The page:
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Press:Fraser Publishing Co. Fraser Publishing Co. (November 1, 1992)
Author Name:Humphrey B. Neill,Humphrey B. Neill
This collection of brief essays illuminates the ways of thinking that a contrarian must cultivate in order to avoid falling into the trap of mass opinion that is so hard for most of us to escape.
When everybody thinks alike, everyone is likely to be wrong is the quote that lies at the heart of Humphrey B.
Neill s investment and political philosophies.
Business & Money,Finance,Politics & Social Sciences,Philosophy
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Comment List (Total:2)
- I have his two previous books which are great. This book just keeps repeating that you need to think in a contrary way but it is a very tedious read. It is only 120+pages but taking me a long time to slog through. Buy "The Art of Contrary Thinking" instead.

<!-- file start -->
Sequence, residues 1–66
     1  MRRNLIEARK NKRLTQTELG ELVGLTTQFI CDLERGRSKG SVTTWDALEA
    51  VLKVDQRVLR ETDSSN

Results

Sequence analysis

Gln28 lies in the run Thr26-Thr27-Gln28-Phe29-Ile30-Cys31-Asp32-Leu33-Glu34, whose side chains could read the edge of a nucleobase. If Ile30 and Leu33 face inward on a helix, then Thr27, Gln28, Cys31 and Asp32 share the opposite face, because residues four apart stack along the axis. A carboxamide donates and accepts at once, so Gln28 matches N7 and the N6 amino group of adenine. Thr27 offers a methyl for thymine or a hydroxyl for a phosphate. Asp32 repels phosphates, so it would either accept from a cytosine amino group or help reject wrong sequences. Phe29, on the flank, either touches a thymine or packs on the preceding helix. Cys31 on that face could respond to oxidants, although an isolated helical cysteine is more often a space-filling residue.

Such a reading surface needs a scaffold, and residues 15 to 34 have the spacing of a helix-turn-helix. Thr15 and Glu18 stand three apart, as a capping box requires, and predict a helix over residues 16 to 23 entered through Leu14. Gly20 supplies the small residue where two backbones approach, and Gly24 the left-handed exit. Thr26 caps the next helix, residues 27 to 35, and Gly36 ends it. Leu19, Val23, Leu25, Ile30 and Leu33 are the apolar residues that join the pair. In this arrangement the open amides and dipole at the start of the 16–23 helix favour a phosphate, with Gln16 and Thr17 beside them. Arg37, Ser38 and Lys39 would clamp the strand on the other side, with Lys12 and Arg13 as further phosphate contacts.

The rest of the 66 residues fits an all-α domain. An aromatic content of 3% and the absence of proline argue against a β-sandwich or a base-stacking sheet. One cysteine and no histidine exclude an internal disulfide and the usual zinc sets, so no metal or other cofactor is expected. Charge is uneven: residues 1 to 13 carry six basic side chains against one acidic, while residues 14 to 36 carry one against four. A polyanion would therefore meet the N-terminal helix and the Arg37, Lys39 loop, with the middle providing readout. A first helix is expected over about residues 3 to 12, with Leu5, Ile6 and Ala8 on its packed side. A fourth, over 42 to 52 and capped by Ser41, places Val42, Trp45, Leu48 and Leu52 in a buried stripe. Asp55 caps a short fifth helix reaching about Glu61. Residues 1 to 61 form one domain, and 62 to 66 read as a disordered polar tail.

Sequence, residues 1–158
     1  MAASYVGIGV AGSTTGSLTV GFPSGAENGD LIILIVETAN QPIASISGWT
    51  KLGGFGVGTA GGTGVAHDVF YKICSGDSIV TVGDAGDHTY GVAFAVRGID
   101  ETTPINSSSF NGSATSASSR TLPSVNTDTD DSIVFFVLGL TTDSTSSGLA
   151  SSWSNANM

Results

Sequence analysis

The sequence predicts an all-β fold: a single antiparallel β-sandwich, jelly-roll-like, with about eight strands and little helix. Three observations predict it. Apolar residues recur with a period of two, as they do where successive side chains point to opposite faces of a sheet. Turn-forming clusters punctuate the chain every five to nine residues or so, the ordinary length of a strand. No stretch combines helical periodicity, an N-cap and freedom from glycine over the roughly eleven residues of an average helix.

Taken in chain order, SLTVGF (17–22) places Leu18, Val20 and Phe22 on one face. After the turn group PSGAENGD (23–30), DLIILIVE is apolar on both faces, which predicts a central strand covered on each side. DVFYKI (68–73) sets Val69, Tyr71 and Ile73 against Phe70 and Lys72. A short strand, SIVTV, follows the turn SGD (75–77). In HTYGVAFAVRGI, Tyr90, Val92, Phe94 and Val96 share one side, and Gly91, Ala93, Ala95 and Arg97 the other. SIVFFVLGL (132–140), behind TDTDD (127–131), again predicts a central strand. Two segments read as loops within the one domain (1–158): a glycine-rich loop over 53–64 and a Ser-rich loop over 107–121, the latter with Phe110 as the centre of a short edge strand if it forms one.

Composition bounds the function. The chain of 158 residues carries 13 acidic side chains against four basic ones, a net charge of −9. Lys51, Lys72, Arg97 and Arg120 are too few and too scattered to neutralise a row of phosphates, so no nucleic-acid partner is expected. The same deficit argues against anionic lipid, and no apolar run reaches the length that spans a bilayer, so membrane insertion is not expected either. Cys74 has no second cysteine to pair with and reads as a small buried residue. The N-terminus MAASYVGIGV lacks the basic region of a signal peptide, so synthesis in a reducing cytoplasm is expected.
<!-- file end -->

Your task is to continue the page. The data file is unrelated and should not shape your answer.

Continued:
- Perhaps Dickson G. Watts, former president of the New York Cotton Exchange, put it best when he said, "Teach men to navigate life's seas as you teach a young boy to swim: put your hand under him and then gently, slowly remove it." In 'The Ruminator' Neill introduces the reader to the overstated but often misappropriated field of contrarian trading; doling observations along the way with the subtle ambiguity and wisdom of an individual who guides without imposing on the reader's thought process.To the uninitiated, there are no in-depth trade analyses or financial charts unlike his more popularTape Reading and Market Tactics: The Three Steps to Successful Stock Trading. The best way to describe the book is a financial interpretation of Gustav Le Bon's 'The Crowd: A Study of the Popular Mind' I believe that Le Bon's text was an extremely influential sources for Neill and worth a complete read on its own I might add. As a result, 'The Ruminator' specfically, seeks to understanding how financial crowds succumb to emotions and how one can attempt to remain logical. One focal point touched on early in the book, is perhaps the largest misunderstanding of Contrarian trading in my opinion: its application.A common misconception of contrarian thinking is that the point of if all is to buy when no one else wants to. However, the true essence of being contrarian is to think when no one else feels the need to, and to remain logical when those around you succumb to emotions.While it is easy to assume that thinking will automatically make you a contrarian, it is worth noting that there is not a conscious effort on the crowd's behalf to absolve themselves from thinking logically and throw caution and portfolio to the wind. As stated in the book, often individuals start off with a small but growing respect/interest for a skilled member or an authority figure in said community, but soon mild-mannered mimickery turns into a monetarily backed instance of 'monkey-see monkey-do.'This affects everyone, regardless of skill level. In today's financial world the uneducated retail trader likely follows media pundits like Jim Cramer and the recommendations of their brokerage. The 'educated' retail trader might pay attention to the always vocal members of PIMCO such as Mohamed El Erian and Bill Gross. The older members on the professional side of the market might pay special attention to the latest edition of the Gartman Letter, while the younger professional traders might be focusing on what the latest Technical Analysis tool has specified.Neill also questions the media: not the cliched, 'big brother' conspiratorial manner, but moreso as an observation in the Don DeLillo sense, that a (perhaps unintended) side-effect of the media is an uneducated consensus. The media's message often lack diversity and Neill states that, "When writers write alike, readers are likely to think alike as well." which is a concise yet powerful statement.The media lacks foresight and substance because headlines sell papers instead of logic and facts. Crowds search for evidence to confirm their beliefs and the media writes solely to capture the attention of the public and validates the crowds' thought process. The question of whether the media compels the public to think alike or the public compels the media to write alike is an interesting causality dilemma but I digress.Neill draws from a variety of sources in the book, from military strategists and sociologist to political studies and philosophers. It is an excellent read with shades of post modern thinking throughout.
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